+44 1803 865913
By: George Johnson
192 pages, b&b illus
From the universally praised "New York Times" science writer George Johnson ('He provides some of the best science writing I have come across in a long time' - Paul Davies), an irresistible book on the ten most fascinating experiments in the history of science - moments when a curious soul posed a particularly eloquent question to nature and received a crisp, unambiguous reply.
The chapters included are: Galileo- The Way Things Really Move; William Harvey - Mysteries of the Heart; Isaac Newton - What a Colour Is; Antoine-Laurent de Lavoisier - The Farmer's Daughter; Luigi Galvini - Animal Electricity; Michel Faraday - Something Deeply Hidden; James Joule - How the World Works; A. Michelson: Lost in Space; Ivan Pavlov - Measuring the Immeasurable; and, Robert Millikan - In the Borderland. The diligence of all these scientists was rewarded: in an instant, confusion was swept aside, and something new about nature leapt into view.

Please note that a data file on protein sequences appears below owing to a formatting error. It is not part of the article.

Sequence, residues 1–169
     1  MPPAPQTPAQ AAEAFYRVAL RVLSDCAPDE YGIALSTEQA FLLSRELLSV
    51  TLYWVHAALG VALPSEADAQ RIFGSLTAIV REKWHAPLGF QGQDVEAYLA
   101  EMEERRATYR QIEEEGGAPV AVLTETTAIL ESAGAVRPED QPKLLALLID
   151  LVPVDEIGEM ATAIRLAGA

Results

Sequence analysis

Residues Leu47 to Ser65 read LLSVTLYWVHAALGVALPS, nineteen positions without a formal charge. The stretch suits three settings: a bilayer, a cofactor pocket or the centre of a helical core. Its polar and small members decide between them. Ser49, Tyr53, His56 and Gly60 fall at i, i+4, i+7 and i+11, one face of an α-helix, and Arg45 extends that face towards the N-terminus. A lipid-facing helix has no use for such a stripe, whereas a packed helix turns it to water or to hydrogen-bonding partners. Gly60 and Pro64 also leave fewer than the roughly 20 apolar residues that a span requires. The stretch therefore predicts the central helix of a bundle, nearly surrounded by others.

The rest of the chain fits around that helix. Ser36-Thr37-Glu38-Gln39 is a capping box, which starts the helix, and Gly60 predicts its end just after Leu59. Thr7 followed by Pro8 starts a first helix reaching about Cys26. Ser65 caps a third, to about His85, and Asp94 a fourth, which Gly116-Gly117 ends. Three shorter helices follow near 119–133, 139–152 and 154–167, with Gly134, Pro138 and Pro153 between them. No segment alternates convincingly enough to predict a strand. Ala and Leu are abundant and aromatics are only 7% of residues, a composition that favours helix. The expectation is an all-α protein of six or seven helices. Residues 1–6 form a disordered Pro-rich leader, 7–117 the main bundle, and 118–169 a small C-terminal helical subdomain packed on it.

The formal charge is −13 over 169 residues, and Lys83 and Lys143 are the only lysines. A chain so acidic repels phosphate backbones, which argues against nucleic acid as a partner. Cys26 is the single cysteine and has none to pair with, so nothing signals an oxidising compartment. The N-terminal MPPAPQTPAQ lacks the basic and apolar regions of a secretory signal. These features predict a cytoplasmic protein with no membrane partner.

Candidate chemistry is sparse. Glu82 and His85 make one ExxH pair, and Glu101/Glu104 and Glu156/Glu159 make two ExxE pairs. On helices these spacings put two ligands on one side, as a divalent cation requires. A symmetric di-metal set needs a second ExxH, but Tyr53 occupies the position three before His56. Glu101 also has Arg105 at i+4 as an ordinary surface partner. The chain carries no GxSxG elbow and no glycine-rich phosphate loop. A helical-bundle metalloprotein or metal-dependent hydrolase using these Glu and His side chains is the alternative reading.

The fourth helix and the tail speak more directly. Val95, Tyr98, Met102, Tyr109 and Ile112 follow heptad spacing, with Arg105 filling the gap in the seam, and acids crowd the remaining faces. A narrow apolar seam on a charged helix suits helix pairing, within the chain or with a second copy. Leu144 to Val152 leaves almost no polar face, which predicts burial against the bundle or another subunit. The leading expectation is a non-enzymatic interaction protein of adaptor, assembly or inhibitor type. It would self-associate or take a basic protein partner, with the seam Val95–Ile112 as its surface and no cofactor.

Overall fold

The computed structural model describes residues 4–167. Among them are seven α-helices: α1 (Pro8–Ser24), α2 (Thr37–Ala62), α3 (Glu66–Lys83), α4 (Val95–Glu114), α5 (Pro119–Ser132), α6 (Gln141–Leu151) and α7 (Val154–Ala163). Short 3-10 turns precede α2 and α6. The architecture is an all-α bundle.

There are currently no reviews for this book. Be the first to review this book!
Your orders support book donation projects
Many thanks, your customer service is certainly something to be proud of.
Search and browse over 110,000 wildlife and science products
Multi-currency. Secure worldwide shipping
Wildlife, science and conservation since 1985